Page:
Exodus of Bermudan expats is threatening the island economy

Published:  8 Oct at 6 PM
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Tagged: Money
An article in the Bermuda Sun is suggesting that the exodus from the island of expatriate workers is directly and indirectly harming the tourism industry’s revenue stream.

Expatriate workers on Bermuda regularly received visits from family and friends, with close on 39,000 air arrivals in 2009 down to visits to resident expats. By 2012, the numbers had fallen to 36,000, corresponding with an ongoing drop in the number of guest workers on the island, now down to 8,374, the lowest figure since 2002.

Hospitality businesses are worst hit by the decline in visitors, with one tourism source confirming the correlation between the two figures. The source, whose job involves day-to-day work with visitors, added that up until 2009 a steady flow of friends and families had arrived, but it’s drying up as more and more expat workers leave the island.

Spending by guest workers’ visitors represented a strong source of revenue, she continued, as the visitors were happy to visit two or three times annually and spend considerable amounts of money during their stay. Owner of the restaurant chain Island Restaurants Phil Barnett adds that many eateries have been badly affected due to the knock-on effect of guest workers returning to their home countries.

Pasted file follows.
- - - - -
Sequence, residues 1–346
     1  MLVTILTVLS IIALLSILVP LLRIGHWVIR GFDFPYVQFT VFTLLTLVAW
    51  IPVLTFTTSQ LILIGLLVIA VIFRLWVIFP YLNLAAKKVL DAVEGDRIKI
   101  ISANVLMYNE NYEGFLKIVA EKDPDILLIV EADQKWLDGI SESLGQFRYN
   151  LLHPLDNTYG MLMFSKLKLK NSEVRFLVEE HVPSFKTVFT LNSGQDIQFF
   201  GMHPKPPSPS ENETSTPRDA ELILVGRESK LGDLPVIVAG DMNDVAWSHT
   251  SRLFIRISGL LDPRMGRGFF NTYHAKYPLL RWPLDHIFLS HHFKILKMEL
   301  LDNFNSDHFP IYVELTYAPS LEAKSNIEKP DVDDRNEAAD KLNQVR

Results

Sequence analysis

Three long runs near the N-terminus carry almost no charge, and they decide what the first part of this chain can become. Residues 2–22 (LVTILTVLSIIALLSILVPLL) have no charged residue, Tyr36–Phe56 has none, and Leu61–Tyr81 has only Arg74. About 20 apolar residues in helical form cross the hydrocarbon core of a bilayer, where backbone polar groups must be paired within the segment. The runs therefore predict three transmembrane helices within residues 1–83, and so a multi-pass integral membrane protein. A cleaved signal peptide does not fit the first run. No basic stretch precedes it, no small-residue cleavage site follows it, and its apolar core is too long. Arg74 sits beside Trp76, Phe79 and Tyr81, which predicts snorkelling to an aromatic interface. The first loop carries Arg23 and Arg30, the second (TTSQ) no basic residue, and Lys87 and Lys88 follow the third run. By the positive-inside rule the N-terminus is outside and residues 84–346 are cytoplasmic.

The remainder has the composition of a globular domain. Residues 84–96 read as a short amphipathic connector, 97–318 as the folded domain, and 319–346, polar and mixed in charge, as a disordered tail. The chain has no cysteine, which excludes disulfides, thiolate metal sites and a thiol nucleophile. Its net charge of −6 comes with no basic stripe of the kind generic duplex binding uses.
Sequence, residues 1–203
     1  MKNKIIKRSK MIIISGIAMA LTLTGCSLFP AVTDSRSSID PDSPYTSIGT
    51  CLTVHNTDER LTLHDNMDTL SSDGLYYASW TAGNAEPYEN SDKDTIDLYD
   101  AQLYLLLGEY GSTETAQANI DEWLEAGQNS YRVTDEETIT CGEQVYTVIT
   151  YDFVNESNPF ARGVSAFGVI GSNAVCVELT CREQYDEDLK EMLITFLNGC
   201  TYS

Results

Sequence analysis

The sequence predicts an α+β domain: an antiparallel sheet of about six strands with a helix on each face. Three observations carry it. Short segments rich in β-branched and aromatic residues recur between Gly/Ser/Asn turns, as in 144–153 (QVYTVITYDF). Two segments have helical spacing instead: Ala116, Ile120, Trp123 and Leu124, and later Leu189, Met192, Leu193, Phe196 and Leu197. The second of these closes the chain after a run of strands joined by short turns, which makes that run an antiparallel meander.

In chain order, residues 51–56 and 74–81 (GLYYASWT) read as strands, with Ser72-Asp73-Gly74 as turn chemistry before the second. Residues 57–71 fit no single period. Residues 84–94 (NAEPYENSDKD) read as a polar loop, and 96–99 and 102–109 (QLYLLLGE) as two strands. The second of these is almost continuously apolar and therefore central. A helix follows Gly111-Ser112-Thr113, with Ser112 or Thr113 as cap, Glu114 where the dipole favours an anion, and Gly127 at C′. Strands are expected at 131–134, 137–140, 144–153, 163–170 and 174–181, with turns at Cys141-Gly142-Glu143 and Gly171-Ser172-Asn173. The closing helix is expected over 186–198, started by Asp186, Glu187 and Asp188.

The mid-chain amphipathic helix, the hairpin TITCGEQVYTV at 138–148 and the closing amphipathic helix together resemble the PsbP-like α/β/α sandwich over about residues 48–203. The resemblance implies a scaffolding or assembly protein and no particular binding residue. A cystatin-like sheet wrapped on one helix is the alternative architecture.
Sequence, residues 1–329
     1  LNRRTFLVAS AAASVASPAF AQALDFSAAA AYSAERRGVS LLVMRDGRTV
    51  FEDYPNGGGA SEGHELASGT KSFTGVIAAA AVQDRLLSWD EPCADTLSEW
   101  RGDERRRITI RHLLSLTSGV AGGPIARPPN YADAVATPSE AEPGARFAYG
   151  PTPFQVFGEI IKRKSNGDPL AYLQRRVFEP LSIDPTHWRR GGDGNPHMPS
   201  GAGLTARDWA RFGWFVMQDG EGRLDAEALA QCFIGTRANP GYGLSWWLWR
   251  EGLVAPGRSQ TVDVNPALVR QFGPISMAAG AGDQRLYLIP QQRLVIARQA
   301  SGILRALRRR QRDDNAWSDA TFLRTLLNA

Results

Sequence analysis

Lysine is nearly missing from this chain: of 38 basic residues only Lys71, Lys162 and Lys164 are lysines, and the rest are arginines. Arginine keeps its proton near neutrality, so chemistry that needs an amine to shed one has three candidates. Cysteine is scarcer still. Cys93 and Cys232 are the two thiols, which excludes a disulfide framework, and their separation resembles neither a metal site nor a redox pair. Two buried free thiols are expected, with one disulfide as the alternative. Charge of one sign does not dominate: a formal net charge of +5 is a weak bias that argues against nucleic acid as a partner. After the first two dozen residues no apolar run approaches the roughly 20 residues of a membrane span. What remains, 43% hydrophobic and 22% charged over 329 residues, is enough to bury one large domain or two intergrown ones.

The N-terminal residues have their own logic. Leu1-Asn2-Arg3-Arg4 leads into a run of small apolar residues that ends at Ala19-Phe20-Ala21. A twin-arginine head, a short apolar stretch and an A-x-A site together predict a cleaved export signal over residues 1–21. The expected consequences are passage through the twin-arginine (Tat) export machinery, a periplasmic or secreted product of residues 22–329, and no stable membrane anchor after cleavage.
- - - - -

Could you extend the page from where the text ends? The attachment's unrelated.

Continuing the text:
Obviously, Barnett says, fewer people on the island mean bad business for all sectors of the hospitality industry. Although guest workers’ visitors may not stay in hotels, they tend to eat out most of the time and buy gifts for friends back home.

There’s also a decline in visits to tourist attractions since 2009, he said. Transportation companies from British Airways to local taxi firms have also noticed a drop in revenue, with BA noting a decline in passengers and taxi drivers noting the fall in trade is even more noticeable in the low season, and store owners are equally concerned at the drop in tourist revenues.
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